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for Grades K-4

Sep. 17, 2018
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For Grades K-4 , week of Jan. 29, 2018

1. Mission to the Sun

Since it was founded 60 years ago, America’s NASA space agency has explored our solar system from the Earth’s moon to the rings of Saturn and beyond. This summer, NASA will attempt something that has never been done when it launches a probe that will attempt to “touch” the sun. The Parker Solar Probe will fly closer to the sun than any spacecraft has gone before and send back historic data on the sun’s atmosphere, winds and radiation. It will travel inside the orbit of the planet Mercury to touch the outer corona of the sun’s atmosphere for the first time. The Parker spacecraft has been built to withstand both the frigid temperatures of deep space and temperatures of nearly 3,000 degrees Fahrenheit as it nears the sun. At peak moments it will travel at speeds approaching 430,000 miles per hour. The Parker Space Probe is attempting to do something that has never been done before. In the newspaper or online, find and closely read a story about another mission that did something new, in space or in another field. Use what you read to write a paragraph describing the biggest challenges faced in the mission and how they were overcome.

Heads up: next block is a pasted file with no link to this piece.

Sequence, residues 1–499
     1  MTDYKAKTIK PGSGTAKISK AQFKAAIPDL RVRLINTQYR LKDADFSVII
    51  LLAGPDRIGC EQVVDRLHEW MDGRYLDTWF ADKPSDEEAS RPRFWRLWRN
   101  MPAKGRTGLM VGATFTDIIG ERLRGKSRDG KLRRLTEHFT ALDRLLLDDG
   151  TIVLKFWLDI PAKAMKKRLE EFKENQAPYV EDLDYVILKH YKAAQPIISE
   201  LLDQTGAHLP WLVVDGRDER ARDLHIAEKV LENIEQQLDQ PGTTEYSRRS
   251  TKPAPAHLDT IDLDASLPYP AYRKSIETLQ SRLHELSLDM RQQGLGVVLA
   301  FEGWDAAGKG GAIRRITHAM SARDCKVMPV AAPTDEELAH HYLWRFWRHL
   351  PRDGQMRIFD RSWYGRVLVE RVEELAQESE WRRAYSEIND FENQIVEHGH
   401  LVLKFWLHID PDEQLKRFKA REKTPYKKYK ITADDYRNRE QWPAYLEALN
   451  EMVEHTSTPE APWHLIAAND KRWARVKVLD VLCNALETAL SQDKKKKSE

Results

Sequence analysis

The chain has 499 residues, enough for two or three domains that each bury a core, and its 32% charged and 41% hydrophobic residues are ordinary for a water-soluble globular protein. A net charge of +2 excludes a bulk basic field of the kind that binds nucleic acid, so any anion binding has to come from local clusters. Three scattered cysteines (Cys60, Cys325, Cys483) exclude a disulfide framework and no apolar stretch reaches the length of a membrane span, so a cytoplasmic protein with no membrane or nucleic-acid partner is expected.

Common Core State Standards: Writing informative/explanatory texts to examine a topic and convey ideas and information clearly; citing specific textual evidence when writing or speaking to support conclusions.

2. Super Bowl

The Super Bowl is the championship game of pro football and the most watched game of the year. This year’s game on February 4 will feature one of the National Football League’s most successful Super Bowl teams and one that has never won a Super Bowl. The New England Patriots will be making their 10th appearance in the Super Bowl and seeking their sixth championship. The Philadelphia Eagles will be appearing for the third time, and have never won. This season both the Eagles and the Patriots have achieved 15-3 records, including two playoff wins each. Excitement is building for the Super Bowl. In the newspaper or online, find and closely read stories about players who will be performing in the game. Use what you read to write a short sports column, predicting which player you think will have the biggest impact on the game. Share with the class and discuss.

Common Core State Standards: Writing opinion pieces on topics or texts, supporting a point of view with reasons and information; reading closely what a text says explicitly and to make logical inferences from it.

3. Reading Is Popular!